|◆ Mission Statement
St. Gregory House, Institute for Religious Music, was founded by the leadership of the late Gereon Goldmann, OFM (Franciscan), in 1979, in his pursuit of a three-pronged goal: prayer, research and education. The House has steadily broadened its activity in creative ways since then. As a diaspora in Japanese culture, the House, since its foundation, has communicated not only with Roman Catholic but with other denominations. A case in point is its ecumenical activities including union worship services.
|P. Gereon Goldmann OFM
|◆ P. Gereon Goldmann OFM, the founder
The late Gereon Goldmann OFM, came to Japan from Fulda, Germany, in 1954, and served as the Rector of St. Elizabeth Church, in Itabashi, Tokyo for the next 24 years. He then founded the Institute for Religious Music, St. Gregory House in Higashi-Kurume, Tokyo, and served as both its chairman and principal for the first 16 years of its existence. Father Gereon Goldmann devoted the last phase of his forty years of service in Japan to liturgy and church music, returning, due to his physical condition, to his home monastery in Fulda, Germany, where he passed away on July 23, 2003.
|◆ Characteristics of St. Gregory House
In the spirit of the Church in diligently preserving and propagating traditional church music, St. Gregory House has attentively studied Japanese culture and tradition, as well as engaging with Buddhist temples in joint musical performances. Since the very objective of church music is the glorification and admiration of God as well as the consecration of Christians, this cannot be accomplished without our worship of and prayer to eternal God – Prayer. It is simply through our uninterrupted day-to-day worship, that all activities and events follow. These words of Gereon Goldmann clearly explain his conviction that the celebration of liturgy is the most sacred act of humankind.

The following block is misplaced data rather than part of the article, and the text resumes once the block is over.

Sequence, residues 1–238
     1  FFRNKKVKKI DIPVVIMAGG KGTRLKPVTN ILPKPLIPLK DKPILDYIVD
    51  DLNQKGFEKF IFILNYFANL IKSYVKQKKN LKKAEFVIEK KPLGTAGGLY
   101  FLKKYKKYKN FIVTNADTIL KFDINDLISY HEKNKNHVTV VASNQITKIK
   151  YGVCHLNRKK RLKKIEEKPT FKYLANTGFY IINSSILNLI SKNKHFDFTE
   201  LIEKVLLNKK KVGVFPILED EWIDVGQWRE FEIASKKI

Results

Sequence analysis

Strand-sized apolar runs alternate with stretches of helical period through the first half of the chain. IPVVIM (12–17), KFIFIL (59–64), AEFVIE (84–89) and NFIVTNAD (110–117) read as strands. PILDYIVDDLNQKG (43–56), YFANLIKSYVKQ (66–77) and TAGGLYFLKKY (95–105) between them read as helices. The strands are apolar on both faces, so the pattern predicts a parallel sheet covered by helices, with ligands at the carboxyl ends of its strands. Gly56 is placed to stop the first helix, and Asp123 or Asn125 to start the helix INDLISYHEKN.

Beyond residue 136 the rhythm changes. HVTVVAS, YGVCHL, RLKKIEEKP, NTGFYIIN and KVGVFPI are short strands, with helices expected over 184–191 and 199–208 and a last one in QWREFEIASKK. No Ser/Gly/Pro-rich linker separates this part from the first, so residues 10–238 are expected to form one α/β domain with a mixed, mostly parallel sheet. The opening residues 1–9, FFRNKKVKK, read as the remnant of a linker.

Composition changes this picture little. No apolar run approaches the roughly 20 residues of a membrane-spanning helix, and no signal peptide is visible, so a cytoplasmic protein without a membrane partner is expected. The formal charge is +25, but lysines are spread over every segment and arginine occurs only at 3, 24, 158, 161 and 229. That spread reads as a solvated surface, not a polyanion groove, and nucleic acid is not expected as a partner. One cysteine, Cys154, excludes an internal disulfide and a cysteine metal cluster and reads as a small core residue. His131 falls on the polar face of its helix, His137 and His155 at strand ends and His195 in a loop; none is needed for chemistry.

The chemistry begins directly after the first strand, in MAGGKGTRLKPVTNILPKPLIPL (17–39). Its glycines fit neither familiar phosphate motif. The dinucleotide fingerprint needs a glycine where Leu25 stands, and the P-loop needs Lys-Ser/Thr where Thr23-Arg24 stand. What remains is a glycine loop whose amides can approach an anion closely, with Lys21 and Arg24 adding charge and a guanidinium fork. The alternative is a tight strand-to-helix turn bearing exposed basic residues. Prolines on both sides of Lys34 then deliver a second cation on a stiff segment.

This conviction for St. Gregory House is explained by his youthful engagement with the liturgy movement of Romano Guardini in his youth. Since its foundation, the activities of the House have adopted the spirituality and liturgy of the Benedictine Confederation. In 1993, the House started to have a close relationship with the Archabbey of Ottilien, Germany, and it currently hosts over 30 Oblates recognized by the Archabbey.
|St. Gregory House
|◆ The Building
The building was designed in the period when the management of the House was occupied in creating the programs which achieve its three objectives of prayer, research and education. The challenge was to design an architecture without any assumptions as to its operating scale, number of personnel, operational days during the year, or other considerations. The architect had to anticipate some of these factors of operation and size, which sometimes were subsequently confirmed and sometimes constrained our activities.
It was an architectural accomplishment to incorporate these concepts and activities in the small space of 1800 square meters.
One space for the integration of prayer and music, another for the community of prayer, and a third for education and lodging are intersected by a belfry, while the central square for the general public and the inner garden of the community are separated by a corridor which creates a much deeper impression of the entire structure.
The chapel is designed on one-quarter of a circle. However, the circle is externally recurring with its center moving toward the very center of the chapel, where the altar is located. This provides a concentration within the very abstract space.
◆ JIA 25 Years Prize
At the convention of the Japan Institute of Architects (JIA), November 2006, St. Gregory House was awarded JIA 25 Years Prize.
St. Gregory House